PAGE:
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My Friend, Harry Potter

Professor Elaine Auyoung explores why fictional characters can feel like real people
November 7, 2018

You finish reading a wonderful novel or favorite series, and there it is: a feeling like a hangover, or even mourning. The characters have become dear friends, and you’re already missing them.

Image of Assistant Professor Elaine Auyoung
Assistant Professor Elaine Auyoung

How can a work of fiction, which is made of words on a page, feel so real? Inspired by Jane Austen’s novels, Assistant Professor of English Elaine Auyoung set out to investigate how novelists create this experience of intimacy, which literary critics have tended to take for granted as the response of naïve readers. Her first book, When Fiction Feels Real: Representation and the Reading Mind (Oxford University Press), finds surprising answers by bringing literary criticism into conversation with cognitive and social psychology.

“It turns out that even when we’re aware that literary characters aren’t real people, we can still respond to them in real ways,” says Auyoung, a 2018-20 McKnight Land-Grant Professor. “In fact, writers rely on how readily we use our everyday social and emotional intelligence to help bring fictional characters to life. In Pride and Prejudice, Austen is very good at helping us become experts on how characters like Mrs. Bennet and Mr. Collins think, so that even after the novel is over, we can imagine how they might respond to new situations."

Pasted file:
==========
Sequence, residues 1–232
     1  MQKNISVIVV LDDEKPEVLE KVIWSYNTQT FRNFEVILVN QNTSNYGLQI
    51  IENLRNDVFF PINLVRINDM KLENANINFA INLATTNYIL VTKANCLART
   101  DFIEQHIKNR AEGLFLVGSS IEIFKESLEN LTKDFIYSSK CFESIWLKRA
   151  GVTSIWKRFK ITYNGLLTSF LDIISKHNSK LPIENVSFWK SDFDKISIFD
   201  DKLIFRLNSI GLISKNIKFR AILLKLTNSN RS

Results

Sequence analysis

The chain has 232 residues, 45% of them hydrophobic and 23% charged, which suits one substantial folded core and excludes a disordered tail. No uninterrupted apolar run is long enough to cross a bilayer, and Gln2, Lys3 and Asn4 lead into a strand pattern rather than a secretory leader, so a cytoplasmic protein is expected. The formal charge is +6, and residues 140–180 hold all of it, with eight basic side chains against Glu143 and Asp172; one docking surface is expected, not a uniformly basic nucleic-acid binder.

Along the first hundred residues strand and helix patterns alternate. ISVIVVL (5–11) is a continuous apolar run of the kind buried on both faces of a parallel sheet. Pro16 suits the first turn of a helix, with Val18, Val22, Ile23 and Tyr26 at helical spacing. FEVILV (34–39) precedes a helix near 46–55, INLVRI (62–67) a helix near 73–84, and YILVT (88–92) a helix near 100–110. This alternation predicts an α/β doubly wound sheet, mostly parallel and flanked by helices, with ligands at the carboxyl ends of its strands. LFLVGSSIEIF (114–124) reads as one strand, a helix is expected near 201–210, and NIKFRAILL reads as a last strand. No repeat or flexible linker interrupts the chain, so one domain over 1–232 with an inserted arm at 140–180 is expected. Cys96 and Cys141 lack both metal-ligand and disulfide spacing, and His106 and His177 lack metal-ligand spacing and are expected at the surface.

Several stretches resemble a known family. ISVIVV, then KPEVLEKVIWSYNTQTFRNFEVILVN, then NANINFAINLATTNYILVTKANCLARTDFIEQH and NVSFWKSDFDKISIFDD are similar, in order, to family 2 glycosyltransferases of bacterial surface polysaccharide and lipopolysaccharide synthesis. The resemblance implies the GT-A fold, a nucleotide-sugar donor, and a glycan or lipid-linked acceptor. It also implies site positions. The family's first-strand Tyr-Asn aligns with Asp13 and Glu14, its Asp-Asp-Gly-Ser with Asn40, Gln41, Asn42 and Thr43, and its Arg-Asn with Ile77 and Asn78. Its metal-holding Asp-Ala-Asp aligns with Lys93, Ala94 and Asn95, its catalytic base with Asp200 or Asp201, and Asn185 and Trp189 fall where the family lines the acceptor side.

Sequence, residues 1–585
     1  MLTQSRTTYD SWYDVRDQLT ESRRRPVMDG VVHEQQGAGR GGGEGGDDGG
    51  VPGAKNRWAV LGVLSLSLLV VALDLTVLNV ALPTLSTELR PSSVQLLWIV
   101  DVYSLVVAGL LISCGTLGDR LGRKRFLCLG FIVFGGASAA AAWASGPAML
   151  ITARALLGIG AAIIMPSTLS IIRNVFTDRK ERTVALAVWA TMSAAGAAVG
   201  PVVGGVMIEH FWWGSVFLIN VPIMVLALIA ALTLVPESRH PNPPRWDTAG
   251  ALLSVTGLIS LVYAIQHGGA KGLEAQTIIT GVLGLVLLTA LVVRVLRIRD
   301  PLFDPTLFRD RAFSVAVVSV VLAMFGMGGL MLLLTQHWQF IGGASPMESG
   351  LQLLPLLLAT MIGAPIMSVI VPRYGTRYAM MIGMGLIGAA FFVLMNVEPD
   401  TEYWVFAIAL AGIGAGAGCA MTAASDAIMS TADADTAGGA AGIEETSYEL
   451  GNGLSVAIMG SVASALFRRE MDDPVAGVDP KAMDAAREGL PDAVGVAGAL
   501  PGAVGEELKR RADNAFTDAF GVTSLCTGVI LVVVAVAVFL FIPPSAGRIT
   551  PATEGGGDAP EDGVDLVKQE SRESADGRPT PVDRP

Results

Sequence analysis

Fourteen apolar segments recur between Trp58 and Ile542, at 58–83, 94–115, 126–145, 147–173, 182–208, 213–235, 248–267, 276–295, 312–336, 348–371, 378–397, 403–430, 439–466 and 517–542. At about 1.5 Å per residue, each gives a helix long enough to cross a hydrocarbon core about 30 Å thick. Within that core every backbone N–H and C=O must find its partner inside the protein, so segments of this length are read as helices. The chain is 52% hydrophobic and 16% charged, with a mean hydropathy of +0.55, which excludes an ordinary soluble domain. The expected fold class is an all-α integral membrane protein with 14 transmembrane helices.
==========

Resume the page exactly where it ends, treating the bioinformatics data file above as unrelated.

In her book, Auyoung looks to psychological research about the reading process to explain the relationship between the experience of reading and an author’s literary technique. She shows how nineteenth-century writers such as Austen, Leo Tolstoy, Charles Dickens, and George Eliot deftly manipulate storytelling techniques to produce what we call “realist fiction.”
 

"Novels permit us to experience
a form of social connection
without any real risk to ourselves."

And that hangover readers can experience after a favorite novel’s close? Auyoung knows the feeling well, and addresses it in her final chapter. “We speak of being ‘friends’ with fictional characters, even though we know that these characters never existed in the first place,” she says. “But this is a form of friendship that’s entirely one-sided. The characters we love can’t love us back; in fact, they can’t pay any attention to us at all!


“What this means, though, is that novels permit us to experience a form of social connection without any real risk to ourselves,” she continues. “We get to experience freedom and intimacy in a way that’s unavailable to us in real life.”

No wonder you still miss Hermione.